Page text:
An unflinching look at the human cost of the US – Mexico drug war as seen through the eyes of three unlikely individuals, a nun, a US drug agent and
An unflinching look at the human cost of the US – Mexico drug war as seen through the eyes of three unlikely individuals, a nun, a US drug agent and a former smuggler. That’s the theme behind director Bernardo Ruiz’s documentary.
“Kingdom of Shadows” shows how the violence in their country has impacted on the three in the last seven to eight years.
Figures from Amnesty International suggest 26,000 have disappeared due to drug violence.
“There are many victims who don’t have anything to do with the illicit trafficking of drugs but have suffered or paid a lot for this business that obviously has an important link with the United States – with consumption in the US,” said the director.
Three years ago his Emmy award winning film “Reportero” explored how journalists in Mexico reported the drug war. Is his art worth the risk of putting himself on the line?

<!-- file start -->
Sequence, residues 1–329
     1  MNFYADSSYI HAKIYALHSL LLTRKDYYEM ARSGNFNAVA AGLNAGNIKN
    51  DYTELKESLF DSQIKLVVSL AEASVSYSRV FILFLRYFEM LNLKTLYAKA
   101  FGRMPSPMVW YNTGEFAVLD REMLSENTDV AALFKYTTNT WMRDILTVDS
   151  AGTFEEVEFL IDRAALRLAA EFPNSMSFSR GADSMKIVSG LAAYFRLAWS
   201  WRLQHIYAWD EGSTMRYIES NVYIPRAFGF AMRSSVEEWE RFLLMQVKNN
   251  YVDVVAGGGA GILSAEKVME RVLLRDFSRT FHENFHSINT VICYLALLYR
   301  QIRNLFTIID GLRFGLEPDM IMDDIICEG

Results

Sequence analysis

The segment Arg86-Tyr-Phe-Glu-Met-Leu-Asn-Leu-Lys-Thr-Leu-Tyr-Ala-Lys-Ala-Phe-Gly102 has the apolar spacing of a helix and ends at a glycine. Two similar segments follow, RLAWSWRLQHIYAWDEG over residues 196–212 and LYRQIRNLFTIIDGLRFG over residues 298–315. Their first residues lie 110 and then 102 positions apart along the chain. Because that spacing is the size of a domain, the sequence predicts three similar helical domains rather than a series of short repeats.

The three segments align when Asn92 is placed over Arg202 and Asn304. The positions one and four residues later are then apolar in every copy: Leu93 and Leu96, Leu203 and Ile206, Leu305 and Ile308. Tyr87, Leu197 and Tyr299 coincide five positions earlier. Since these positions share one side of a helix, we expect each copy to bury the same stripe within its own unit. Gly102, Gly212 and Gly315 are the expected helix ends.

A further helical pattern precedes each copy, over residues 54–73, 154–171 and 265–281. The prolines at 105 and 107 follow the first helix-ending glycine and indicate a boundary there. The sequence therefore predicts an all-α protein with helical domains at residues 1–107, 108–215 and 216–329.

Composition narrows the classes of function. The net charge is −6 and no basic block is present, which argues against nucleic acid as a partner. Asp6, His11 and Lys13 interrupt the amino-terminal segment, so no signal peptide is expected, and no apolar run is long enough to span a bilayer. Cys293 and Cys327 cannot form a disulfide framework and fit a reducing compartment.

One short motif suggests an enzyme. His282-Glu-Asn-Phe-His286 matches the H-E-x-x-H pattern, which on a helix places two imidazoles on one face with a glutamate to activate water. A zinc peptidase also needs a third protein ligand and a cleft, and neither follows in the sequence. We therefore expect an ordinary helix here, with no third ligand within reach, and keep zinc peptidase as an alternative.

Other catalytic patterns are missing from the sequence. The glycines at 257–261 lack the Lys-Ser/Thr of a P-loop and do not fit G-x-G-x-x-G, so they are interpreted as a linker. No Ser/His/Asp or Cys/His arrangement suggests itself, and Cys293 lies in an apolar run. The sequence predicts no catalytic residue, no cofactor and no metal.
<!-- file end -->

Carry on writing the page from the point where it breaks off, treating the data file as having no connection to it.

“There are many film makers who talk about the risks they have encountered and make a big deal out of it. But at the end it is the people that live in these communities that are being controlled by the organised crime, they are the ones who are taking big risks. We are producers who can always leave the place if things get too hot,” responded Bernardo Ruiz.
The director knows his film will not solve all the issues but he does hope it will help focus attention on the conflict.
“Kingdom of Shadows” has had a limited release in parts of the US with a wider release planned for later in the year.